Installation: Originally mounted on an automobile owned by Mr Stoody of Whittier California in 1933, and sold to Griffith Observatory in 1954.
Objective Diameter = 9½-inches (242 mm)
Objective Focal Length = 141 inches (3.58 m)
Objective Focal Ratio = F/14.8
the founding of Western Hills Country Club and the story of its founder, Shelly Stoody, who made his money in manufacturing materials out of metal alloys, but was also a patent holder for items dealing with cattle and other animals.
McCombs related that Stoody created his "Double S" (Shelley Stoody, presumably) in the early 1950s to breed Hereford cattle and made it a success in short order. Stoody, it was noted, looked down upon his domain "from his house atop the summit," which might well mean the house which sits surrounded by a few dozen palm trees that is on the hill directly east of Western Hills.
The "Double S" had a show ring, but also an air strip for his private plane. Unfortunately for Stoody and his passengers, an attempt to land the plane on the ranch in late June 1961 was altered by a gust of wind and the Beechcraft plowed into the hillside a short distance from the strip, which was below his home. Stoody and two passengers died instantly and the third passenger died later in the hospital.
After Stoody's death, the ranch was sold to a syndicate of physicians from Orange County, who paid $600,000 for the property and, in 1966, opened Western Hills.
A little research about Stoody yielded some interesting information about him. He was born 20 March 1899 in Union, Ohio, just northwest of Dayton, and his father Charles was a carpenter and then a machinist and blacksmith who specialized in repair work. By the time young Shelley registered for the draft in 1918 during the First World War, the Stoodys had relocated to Huntington, West Virginia, near the borders with Ohio and Kentucky, and Shelley and his older brother Winston worked as machinists for their father.
In 1921, Shelley Stoody, recently relocated to Whittier, opened up a welding company called Stoody-Rice, but soon took in as partners his father and brother and renamed the firm the Stoody Welding Company. By 1926, the company was simply known as the Stoody Company, but Winston had become president, Charles served as vice-president and Shelley was the secretary and treasurer. The elder Stoody soon retired but his sons continued to run the business with Shelley assuming the role of vice-president when his father stepped down.
In 1948, Stoody achieved some notoriety for buying a $25,000 helicopter for his commute from the peninsula to Whittier (cutting his travel time down from 1 1/2 hours by car to only 20 minutes by copter.) He was, in fact, a longtime pilot, having been an early aviator in Whittier, where he began his flying career in 1926, and he had a private plane at the airport in Torrance when he moved to the PV Estates. A Los Angeles Times article reported that he planned to build a helipad and hangar at his residence as well as at his business.
The increased wealth that allowed Stoody to live in Palos Verdes came from a patented process for more durable drill bits called "hardfacing," essentially creating an overlay coating of abrasion-resistant alloys welded onto the bits. Two products, "Stoodite," which was the first cast hardfacing rods and "Borium" the first use of tungsten carbide (the Stoody Company had a tungsten mine in the Mojave Desert from the late 1920s) for hardfacing, were innovations by the firm, which also was a pioneer the "submerged arc welding" process, in which the molten weld and arc zone have a compound of manganese oxide, silica, lime, calcium fluoride and other materials to protect the product from contamination. The financial windfall from his business allowed the entrepreneur to buy the 426-acre spread in Carbon Canyon that he called the "Double S" and Stoody also owned a cattle ranch in Nevada.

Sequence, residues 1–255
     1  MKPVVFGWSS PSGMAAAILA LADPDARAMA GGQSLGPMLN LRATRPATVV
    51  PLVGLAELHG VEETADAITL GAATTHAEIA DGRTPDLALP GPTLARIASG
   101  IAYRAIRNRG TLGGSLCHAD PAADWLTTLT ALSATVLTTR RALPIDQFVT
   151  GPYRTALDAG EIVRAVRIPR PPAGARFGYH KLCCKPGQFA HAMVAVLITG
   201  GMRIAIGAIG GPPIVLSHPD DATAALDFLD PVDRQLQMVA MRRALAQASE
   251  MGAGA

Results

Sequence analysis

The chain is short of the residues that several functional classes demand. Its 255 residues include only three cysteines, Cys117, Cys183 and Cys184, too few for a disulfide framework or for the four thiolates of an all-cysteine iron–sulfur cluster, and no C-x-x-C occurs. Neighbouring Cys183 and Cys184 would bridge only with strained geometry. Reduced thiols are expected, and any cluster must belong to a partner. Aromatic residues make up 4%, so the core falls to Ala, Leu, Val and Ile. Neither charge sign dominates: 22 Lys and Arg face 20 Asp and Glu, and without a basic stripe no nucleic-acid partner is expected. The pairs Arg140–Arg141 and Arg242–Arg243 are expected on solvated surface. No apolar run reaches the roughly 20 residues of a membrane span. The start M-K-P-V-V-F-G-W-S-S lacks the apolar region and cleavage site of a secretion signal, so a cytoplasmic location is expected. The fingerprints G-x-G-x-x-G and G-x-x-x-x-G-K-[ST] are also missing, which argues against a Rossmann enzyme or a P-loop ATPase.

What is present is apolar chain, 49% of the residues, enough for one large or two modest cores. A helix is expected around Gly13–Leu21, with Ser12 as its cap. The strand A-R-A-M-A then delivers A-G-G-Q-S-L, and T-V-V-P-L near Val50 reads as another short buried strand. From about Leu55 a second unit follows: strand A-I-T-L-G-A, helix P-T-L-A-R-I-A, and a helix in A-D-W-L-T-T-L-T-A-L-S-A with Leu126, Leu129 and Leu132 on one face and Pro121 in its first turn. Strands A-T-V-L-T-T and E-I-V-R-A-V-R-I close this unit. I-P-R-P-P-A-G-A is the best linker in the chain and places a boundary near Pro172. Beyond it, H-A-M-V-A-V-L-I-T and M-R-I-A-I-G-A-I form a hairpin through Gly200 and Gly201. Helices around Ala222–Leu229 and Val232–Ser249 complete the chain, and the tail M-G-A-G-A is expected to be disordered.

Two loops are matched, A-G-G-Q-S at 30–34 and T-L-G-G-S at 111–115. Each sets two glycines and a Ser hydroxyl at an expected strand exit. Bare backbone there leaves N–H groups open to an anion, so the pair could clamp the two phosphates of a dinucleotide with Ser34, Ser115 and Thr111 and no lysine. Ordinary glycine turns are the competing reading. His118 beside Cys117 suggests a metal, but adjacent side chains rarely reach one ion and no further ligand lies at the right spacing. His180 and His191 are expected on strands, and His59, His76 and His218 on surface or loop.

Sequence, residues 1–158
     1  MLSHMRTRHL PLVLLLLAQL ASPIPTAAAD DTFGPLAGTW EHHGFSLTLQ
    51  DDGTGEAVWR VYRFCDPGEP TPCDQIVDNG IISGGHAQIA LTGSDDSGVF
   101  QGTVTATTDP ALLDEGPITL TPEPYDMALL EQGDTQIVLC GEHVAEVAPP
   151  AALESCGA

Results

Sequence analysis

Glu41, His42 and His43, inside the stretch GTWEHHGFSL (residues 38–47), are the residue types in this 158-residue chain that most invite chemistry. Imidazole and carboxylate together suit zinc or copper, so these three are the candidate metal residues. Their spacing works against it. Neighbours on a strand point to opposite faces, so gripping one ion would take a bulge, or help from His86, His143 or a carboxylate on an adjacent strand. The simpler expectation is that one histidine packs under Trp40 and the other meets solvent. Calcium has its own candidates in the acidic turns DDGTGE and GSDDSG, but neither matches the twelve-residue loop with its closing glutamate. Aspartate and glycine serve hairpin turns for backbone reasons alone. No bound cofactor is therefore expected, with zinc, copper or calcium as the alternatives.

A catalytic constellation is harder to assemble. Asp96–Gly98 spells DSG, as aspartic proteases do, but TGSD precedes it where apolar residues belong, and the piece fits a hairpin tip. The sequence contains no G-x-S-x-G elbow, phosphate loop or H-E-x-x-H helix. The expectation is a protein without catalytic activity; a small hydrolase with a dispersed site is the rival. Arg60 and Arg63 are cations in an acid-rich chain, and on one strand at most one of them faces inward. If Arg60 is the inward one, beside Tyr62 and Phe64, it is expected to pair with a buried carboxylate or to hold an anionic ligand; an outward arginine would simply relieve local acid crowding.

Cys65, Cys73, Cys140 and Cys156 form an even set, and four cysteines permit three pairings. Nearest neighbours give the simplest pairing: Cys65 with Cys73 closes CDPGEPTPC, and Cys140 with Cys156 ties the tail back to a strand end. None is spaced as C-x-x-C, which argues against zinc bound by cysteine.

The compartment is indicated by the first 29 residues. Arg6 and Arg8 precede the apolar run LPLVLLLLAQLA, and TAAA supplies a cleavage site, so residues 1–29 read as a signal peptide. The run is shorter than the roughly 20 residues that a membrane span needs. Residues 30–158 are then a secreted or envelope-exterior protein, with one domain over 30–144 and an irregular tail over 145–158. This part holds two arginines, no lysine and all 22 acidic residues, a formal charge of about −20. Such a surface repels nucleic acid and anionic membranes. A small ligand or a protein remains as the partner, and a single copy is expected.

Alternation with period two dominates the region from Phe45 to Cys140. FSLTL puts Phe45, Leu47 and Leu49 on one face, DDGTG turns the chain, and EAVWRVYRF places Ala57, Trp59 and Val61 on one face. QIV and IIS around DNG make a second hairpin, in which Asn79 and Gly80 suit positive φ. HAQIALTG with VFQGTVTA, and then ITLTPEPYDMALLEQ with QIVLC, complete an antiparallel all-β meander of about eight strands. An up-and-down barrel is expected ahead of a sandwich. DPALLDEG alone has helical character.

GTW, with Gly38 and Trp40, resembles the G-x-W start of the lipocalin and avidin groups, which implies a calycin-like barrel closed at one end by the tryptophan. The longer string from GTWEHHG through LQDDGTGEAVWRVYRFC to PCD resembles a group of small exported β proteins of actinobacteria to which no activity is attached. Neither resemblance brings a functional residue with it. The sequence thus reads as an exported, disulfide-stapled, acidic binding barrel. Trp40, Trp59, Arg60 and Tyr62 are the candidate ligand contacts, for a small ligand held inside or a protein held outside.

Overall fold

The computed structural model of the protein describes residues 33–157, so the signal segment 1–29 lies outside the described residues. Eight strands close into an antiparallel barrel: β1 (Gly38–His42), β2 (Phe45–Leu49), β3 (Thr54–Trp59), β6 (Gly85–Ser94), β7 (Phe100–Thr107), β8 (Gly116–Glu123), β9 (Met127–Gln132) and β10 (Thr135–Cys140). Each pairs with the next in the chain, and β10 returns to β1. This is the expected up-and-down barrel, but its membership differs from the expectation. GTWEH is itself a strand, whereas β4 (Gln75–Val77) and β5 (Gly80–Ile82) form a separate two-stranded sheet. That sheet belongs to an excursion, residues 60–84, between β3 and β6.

But the Stoody brothers were not content to merely repair busted bits. They were convinced there could be a way to make the drill bits more durable, and to stay sharper longer. From their experiments begun in 1922, they developed a technique, called hardfacing, that would stay with the industry for many decades. Hardfacing is the overlaying of metal with a coating of abrasion-resistant alloys via a welding process. This overlay greatly extends the life of the equipment.
Winston and Shelley began applying hardfacing to drill bits, at first called the "Stoody Rod," then later the "Stoody Self-Hardening." They developed the first chromium-manganese alloy for this process. Two years later, they introduced the "Stoodite," a cast welding rod that would become the industry standard for the next 40 years. Their next breakthrough came in 1927, when they perfected the use of borium, a tungsten-carbide material that became one of the hardest commodities ever used.
In the 1930s and 40s a unique vehicle roamed the streets of Los Angeles. The car, owned by Shelly Stoody, was typical for the time except for a 9.5” diameter, 12’ long Zeiss telescope mounted to the roof. It is unknown today how Shelly procured the 1920s era telescope but regardless, he would drive his showpiece to various amateur astronomy events and presumably share views of the sky. In 1955 Stoody sold the telescope to Griffith Observatory